Old people are starting to bug me. Even so, I’m really going to miss them when they’re gone.
“Wait!” I hear you saying. “Where are old people going?”
I’ll get to that in a second. First, I want to explain my irritation.
Last weekend, My Lovely Wife and I went on one of our regular movie binges: a few days spent going from theater to theater gorging on films.
I’m accustomed to people texting during movies, although, thankfully, I see fewer people doing that these days. What surprised me — at the Avalon for “Captain Phillips” and again at the Landmark E Street during “The Great Beauty” — were the number of people talking.
It wasn’t young people chatting on their phones or shouting “Don’t go near the Horn of Africa!” at the screen. It was old people talking to their seatmates as if they were on the couch at home in front of the television.
I have nothing against the elderly. I just don’t like them — or anyone — talking during my movies. Then I wondered: Might there be some age-related reason for this behavior? Is it possible they couldn’t help themselves? I consulted Paul Nussbaum, a clinical neuropsychologist who is president of the Brain Heath Center in Pittsburgh and does work with AARP.
Nussbaum cautioned me not to jump to conclusions.
“I think the general rule of thumb is that the same kind of variability that exists early in life, adults are going to see later in life,” he said.
That is, if you’re a movie-talker when you’re 24, odds are you’re going to be a movie-talker when you’re 74.
“One wonders if the person was even aware they were having this sort of influence on others,” Nussbaum said. “It might be they can’t hear how loud they are.”
Perhaps, he said, they just need a hearing aid so they can detect whispers.
“It runs the whole gamut,” Nussbaum said of possible explanations. “This may be anything from older adults who maybe don’t get out quite as much, so when they do they might be much more verbose. It may be because the person is a bit disinhibited or impulsive because of neurological reasons.”
He didn’t mean to suggest these people had dementia or Alzheimer’s disease. I certainly don’t think they did.
While Nussbaum said it’s true we lose brain cells as we age, “we have to be careful not to pathologize things, see them as abnormal. It might be a function of loneliness, that the person is supersensitive to human interaction. If that’s not it, it might be the person doesn’t give a hoot, and that’s been their personality style their whole life.”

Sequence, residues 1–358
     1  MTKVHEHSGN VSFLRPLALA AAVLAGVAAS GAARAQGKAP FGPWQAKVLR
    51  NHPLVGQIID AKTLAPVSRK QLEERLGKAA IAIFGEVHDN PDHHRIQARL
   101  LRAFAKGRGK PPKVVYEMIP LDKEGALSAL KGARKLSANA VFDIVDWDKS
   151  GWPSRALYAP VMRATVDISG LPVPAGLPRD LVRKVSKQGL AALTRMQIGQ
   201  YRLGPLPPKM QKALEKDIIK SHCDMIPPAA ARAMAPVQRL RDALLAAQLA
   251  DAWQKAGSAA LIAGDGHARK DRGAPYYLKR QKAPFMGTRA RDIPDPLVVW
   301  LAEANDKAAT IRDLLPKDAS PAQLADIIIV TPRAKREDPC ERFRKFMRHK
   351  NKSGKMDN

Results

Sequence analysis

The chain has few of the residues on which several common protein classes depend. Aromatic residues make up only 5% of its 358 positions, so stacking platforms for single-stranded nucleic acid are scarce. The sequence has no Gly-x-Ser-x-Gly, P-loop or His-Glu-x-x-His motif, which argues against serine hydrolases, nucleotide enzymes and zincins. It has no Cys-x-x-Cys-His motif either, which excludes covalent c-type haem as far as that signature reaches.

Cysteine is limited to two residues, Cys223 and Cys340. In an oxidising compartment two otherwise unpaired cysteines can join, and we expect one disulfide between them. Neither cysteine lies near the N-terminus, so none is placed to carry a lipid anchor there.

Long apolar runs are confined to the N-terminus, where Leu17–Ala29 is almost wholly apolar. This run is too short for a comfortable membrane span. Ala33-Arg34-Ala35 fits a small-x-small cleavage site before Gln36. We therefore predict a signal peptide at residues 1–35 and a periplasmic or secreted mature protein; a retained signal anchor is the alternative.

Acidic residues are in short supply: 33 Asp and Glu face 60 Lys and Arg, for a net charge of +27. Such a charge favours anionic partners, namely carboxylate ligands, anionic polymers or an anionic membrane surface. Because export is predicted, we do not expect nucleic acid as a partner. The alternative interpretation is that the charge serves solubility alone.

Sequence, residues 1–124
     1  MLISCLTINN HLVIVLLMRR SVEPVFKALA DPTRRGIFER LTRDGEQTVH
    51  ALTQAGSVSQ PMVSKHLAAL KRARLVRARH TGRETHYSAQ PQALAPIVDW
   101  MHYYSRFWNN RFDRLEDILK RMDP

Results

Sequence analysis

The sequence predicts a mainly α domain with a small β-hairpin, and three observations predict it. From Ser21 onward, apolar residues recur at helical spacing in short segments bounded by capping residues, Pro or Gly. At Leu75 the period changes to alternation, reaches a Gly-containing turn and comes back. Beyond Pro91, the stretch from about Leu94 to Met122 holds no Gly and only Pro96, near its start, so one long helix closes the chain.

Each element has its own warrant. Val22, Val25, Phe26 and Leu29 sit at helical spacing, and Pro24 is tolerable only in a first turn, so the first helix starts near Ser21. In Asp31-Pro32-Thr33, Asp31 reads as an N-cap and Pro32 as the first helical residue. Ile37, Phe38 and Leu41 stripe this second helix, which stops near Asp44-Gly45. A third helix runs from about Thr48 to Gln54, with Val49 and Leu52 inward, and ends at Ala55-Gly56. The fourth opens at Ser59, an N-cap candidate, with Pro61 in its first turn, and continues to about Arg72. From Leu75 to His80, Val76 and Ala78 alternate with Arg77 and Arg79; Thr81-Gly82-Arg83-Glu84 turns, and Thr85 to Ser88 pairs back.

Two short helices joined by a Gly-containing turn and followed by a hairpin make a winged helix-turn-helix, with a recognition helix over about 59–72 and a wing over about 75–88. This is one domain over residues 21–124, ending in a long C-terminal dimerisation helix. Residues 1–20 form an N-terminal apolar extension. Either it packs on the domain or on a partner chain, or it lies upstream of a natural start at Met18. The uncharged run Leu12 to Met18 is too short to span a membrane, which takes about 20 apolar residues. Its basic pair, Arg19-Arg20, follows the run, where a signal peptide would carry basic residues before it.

I actually love old people. They have insights gained from a lifetime of experiences. I enjoy talking with them and learning from them. And that’s why I’m so sad that there are fewer and fewer old people.
I’m 51 now. With any luck, I’m going to be 71 someday, maybe even 81 or 91. I’m going to look around and there won’t be any old people left. There’ll just be (a) young people and (b) people my age.
Some of my best friends are people my age, but let me tell you I don’t find them especially insightful. When they talk about what life was like when they were growing up, it’s going to sound awfully familiar to me. I’ll miss the older generation.
But about movie etiquette: Regardless of your age, please stop talking when the feature starts. If you need to converse, learn how to use sign language, like Helen Keller.
And if someone sees me talking in a movie theater in 2033, please feel free to tell me to button it or zip it or Velcro it or whatever the magical clothing fastener of the future is.
I am delighted to say that we are chugging along nicely in this year’s campaign to raise $400,000 for the uncompensated care fund at Children’s National. After three weeks, readers have donated $105,070.34 to the pediatric hospital. That’s a terrific start. Please help us keep the momentum building.
To make a tax-deductible gift, visit childrensnational.org/washingtonpost or send a check (payable to “Children’s National”) to Washington Post Giving Campaign, c/o Children’s Hospital Foundation, 801 Roeder Rd., Suite 650, Silver Spring, MD 20910. Our deadline is Jan. 10.
Bill and Joanne Conway, through their Bedford Falls Foundation, have generously offered to match all gifts to The Washington Post Campaign for Children’s National. All donations, up to a total of $150,000, made by Dec. 31 will be matched dollar for dollar.
Your gift today can make a difference in the life of a child.
For previous columns, visit washingtonpost.com/johnkelly.